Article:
Waiters led the Whitecaps to the 1979 championship
By Brandon Yip, Senior Columnist
“He was always a true gentlemen, a calming influence, a man of great integrity, knowledge, and above all else, so very humble as well.” – Guido Titotto
Tony Waiters, one of Canada’s greatest and most influential soccer coaches, passed away on November 10 at the age of 83. Waiters might perhaps best be known for coaching the Vancouver Whitecaps to their 1979 Soccer Bowl championship.
Waiters was born in Southport, England in February 1937. He played for Blackpool, making over 250 appearances. Waiters also played for the England national team, winning five caps for The Three Lions in 1964. After his soccer career ended, Waiters became the manager for English club, Plymouth Argyle, between 1972 and 1977. After being fired, Waiters came to Canada and coached the Vancouver Whitecaps of the North American Soccer League (NASL) during the 1977 season. He was only planning to stay in Canada for a short time, but Waiters would ultimately make Canada his home when the Vancouver Whitecaps became the soccer darlings of the city—defeating the Tampa Bay Rowdies in the 1979 Soccer Bowl.
Waiters later coached the Canadian men’s national team starting in December 1982. He led the team to the 1984 Olympics in Los Angeles when Canada lost to Brazil in the quarterfinals by a score of 2-1 in penalty kicks. One of Waiters’ greatest achievements was coaching the Canadian national team through qualifying to the 1986 World Cup in Mexico; it remains Canada’s one-and-only appearance at the World Cup.
Former Whitecaps player Bob Lenarduzzi remembers how he and Waiters different in their thought process; Waiters wanted his players to pass the ball to the front man first—just to be safe. “I just kept playing it through the middle of the park,” Lenarduzzi said during a live streamed interview for the ‘Caps Primetime program on November 10. “And then after about three or four games, he pulled me aside and he says, ‘Hey, if you wanna keep playing the ball through the middle of the park, then you can come and have a seat by me on the bench!’”
Retired Canadian goalkeeper Paul Dolan, who was in goal for Canada at the 1986 World Cup, was saddened by Waiters’ passing. “This one hits hard. He gave so much to Canadian soccer and so much to me personally,” he said to the CBC on November 10. The same day, another former Canadian goalkeeper, Craig Forrest, posted on Twitter: “Saddened to hear about the passing of my former coach Tony Waiters. Legendary GK, coach, mentor, and human being. His passion for football and the people he touched throughout his career is unparalleled in Canada.”
Retired Canadian striker Dale Mitchell was also a member of the 1986 Canadian World Cup team. He recalls Waiters being highly respected by his peers and the players he coached. “He was more than a coach to so many people, which is why we are hearing the tributes now,” Mitchell said in an email interview with the Other Press. “It was just the way he conducted himself, very professional and honest. I think he falls into the mentor, role model category for many, whether they played for him or not.”
Waiters was also a key figure behind-the-scenes in helping to bring the Vancouver 86ers soccer club to town—with their debut season coming in 1987. He also wrote books about coaching and soccer skills. Waiters was also the president of the National Soccer Coaches Association of Canada while serving as a special advisor to soccer organizations in Canada and the US. Adding to his already lengthy resume, Waiters, for the past 12 years, was a Technical Advisor with Cliff Avenue United FC in Burnaby. In 2017, the club honoured Waiters with a “CAUFC Lifetime in Soccer Achievement Award”—while also celebrating his 80th birthday.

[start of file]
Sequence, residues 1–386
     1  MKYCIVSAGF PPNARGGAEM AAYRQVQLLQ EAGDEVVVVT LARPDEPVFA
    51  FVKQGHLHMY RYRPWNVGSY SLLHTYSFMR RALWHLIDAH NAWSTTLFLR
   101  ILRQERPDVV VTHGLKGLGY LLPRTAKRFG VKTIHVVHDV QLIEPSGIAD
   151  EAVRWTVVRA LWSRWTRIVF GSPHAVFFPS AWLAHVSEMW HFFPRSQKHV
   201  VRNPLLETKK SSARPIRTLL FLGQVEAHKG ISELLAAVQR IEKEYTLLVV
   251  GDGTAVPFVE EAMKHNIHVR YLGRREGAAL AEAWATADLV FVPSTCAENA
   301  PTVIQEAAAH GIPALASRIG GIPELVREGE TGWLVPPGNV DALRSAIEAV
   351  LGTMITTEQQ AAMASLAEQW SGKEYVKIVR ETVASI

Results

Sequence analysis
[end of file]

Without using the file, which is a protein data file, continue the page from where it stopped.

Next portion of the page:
Guido Titotto, president of CAUFC for the past 13 years, was deeply saddened by Waiters’ passing. Titotto, a former player for the Vancouver 86ers, was coached by Waiters in 1990 till 1991—when Titotto was a member of the Canadian men’s U23 Olympic team. “He was a man with a soccer history in Canada like no other, yet when you were in a meeting with him or simply out on the pitch with him, he was never above anyone else, he was always a true gentlemen, a calming influence, a man of great integrity, knowledge, and above all else, so very humble as well,” Titotto said in an email interview with the Other Press. “He will be dearly missed by all of us at our club, however, he will not be forgotten, as we are already planning a legacy award at our club in honour of Tony Waiters.”
Kevin Julian, Technical Director for CAUFC, says Waiters, amongst other efforts, made an essential contribution to the club. “Tony coached the U5 program for a number of years at CAUFC,” Julian said in an email interview with the Other Press. “This sort of program is now commonplace in most clubs but back when Tony started the ‘One with One’ program, it was really unheard of. Tony was always an innovator and was so incredibly passionate about youth player development.”
Waiters was inducted into the Canadian Soccer Hall of Fame as a builder in 2001. In 2019, Waiters was inducted into the BC Sports Hall of Fame; that same year, in May, he was also inducted into the Vancouver Whitecaps FC Ring of Honour. In a Whitecaps FC interview on YouTube, Waiters was humbled by his induction: “Well, being inducted into the ring of honour, indeed is an honour. And it means a great deal. And so, I’d like to say this. To those people, who supported the team so well—thank you very much for the honour, which I am receiving. And for the support they gave. It was incredible and I just hope that we see something like that again, [another soccer championship in Vancouver].”